Recommendations

What watershed and habitat improvement activities would most likely lead toward more desirable conditions in a timely, cost effective manner?

Consider migration barrier removal in Palmer Canyon and McKenzie creeks;

Consider careful planning of land uses that could exacerbate mass wasting, since the relative potential of landsliding is high to very high in 50 percent of the subbasin;

Decommission and revegetate streamside roads, focusing on those where channel braiding and/or aggradation are persistent today, such as the central and upper reaches of McKenzie Creek, and the lower reaches of Marshall, Palmer Canyon, and Wild Hog creeks;

Continue to incorporate mitigation elements into Timber Harvest Plans for decommissioning legacy streamside roads and upgrading road drainage facilities in the lower subbasin, including Little and Big Pepperwood creeks;

At stream bank erosion sites, encourage cooperative efforts to reduce sediment yield to streams;

Reduce livestock and feral pig access and subsequent impacts to the riparian zone to encourage stabilization of stream banks and re-vegetation. This problem is most common on Marshall Creek;

Improvement of riparian canopy is the third priority restoration recommendation. Ensure that adequate streamside protection zones are used to reduce solar radiation and moderate air temperatures;

Retain, plant, and protect trees to achieve denser riparian canopy cover where current canopy is inadequate, particularly in the Upper South Fork and its tributaries, McKenzie, Wild Hog, and Palmer Canyon creeks;

Encourage the addition of large organic debris and shelter structures in order to improve sediment metering, channel structure, channel function, habitat complexity, and habitat diversity for salmonids;

Conduct both instream and hillslope monitoring to determine whether current land use practices are allowing for recovery and protection of the salmonid habitat in the subbasin. Improve baseline information on habitat conditions by conducting inventory surveys in the South Fork and major tributaries upstream of the confluence with the Wheatfield Fork;

Encourage more habitat inventory surveys and biological surveys of tributaries as only 31 percent of the subbasin has been completed;

Expand continuous temperature monitoring efforts into the upper subbasin and tributaries. Consider canopy composition, air and water temperature monitoring to examine canopy, temperature, and other microclimate effects on water temperatures.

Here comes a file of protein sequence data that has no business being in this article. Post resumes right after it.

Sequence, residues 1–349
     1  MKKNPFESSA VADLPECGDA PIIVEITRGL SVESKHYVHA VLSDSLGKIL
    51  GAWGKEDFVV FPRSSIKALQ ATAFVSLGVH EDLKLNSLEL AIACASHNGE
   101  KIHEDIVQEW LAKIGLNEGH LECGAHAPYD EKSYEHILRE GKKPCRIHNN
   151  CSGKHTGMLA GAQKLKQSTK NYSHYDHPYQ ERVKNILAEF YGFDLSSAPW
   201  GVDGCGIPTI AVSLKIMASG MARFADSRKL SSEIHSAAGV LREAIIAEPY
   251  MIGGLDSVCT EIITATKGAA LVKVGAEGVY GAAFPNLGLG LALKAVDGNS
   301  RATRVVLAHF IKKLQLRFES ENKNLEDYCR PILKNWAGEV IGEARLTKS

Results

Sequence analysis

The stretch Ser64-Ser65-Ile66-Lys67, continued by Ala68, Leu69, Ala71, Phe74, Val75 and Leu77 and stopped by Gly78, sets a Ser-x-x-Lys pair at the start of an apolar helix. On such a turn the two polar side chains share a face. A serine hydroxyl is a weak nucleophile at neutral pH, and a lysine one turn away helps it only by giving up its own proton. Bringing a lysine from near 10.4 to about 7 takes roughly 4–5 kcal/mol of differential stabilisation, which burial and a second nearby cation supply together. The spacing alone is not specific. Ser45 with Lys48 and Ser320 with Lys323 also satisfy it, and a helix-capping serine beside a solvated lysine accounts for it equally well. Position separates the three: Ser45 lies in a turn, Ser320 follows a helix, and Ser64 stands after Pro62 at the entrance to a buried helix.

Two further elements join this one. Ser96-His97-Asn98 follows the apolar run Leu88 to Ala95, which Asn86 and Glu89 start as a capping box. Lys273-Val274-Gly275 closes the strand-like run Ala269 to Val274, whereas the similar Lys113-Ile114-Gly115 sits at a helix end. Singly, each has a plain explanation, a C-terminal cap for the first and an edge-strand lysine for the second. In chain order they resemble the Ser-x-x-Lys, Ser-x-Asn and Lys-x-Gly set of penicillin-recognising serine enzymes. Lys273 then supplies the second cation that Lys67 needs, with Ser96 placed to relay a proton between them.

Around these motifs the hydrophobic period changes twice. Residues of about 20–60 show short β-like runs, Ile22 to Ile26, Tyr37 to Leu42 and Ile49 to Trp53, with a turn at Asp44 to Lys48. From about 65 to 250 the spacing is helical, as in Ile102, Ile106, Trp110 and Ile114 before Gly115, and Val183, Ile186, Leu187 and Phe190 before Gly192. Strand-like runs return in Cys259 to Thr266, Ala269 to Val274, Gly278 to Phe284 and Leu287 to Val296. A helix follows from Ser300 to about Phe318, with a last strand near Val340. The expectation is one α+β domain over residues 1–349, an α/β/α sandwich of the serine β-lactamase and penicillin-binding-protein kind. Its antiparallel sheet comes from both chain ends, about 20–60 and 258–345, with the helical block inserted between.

Conclusions

The Mainstem-South Fork Subbasin is characterized by a confined narrow valley thought to have been formed by the San Andreas Fault. This valley contains the twelve-mile long flood plain of the South Fork Gualala River. The entire subbasin is near the coast and influenced by summer fog. About half of the subbasin has high to very high potential for landsliding, and landslides represent a major source for stream sediment. The limited data available also show that historically logged areas have contributed sediment to the streams.

Historic and current accounts show that coho salmon and steelhead trout inhabit the subbasin. Although relatively high instream sediment levels, simplified salmonid habitat, and a lack of appropriately sized spawning substrate are observed in the subbasin, available data and air photos indicate that present conditions are suitable for salmonids and instream and near stream conditions have improved since 1984.

The salmonid populations are thought to be currently constrained by a lack of instream complexity, such as that formed by in-channel large woody debris. Elevated water temperatures found along the South Fork mainstem are exacerbated by low canopy cover in some locations. Elevated levels of sediment yield are thought to contribute to some negative stream impacts. The unstable and erosive terrain should be considered during project planning and design. Caution and appropriate best management practices should be followed during implementation to minimize erosion and sediment delivery to streams.

Current landowners and managers interested and motivated to improve watershed conditions and re-establish suitable conditions for salmonids are encouraged to do so through improved land use practices. They are encouraged to enlist the aid and support of Gualala Basin restoration groups and agency technology, experience, and funding opportunities.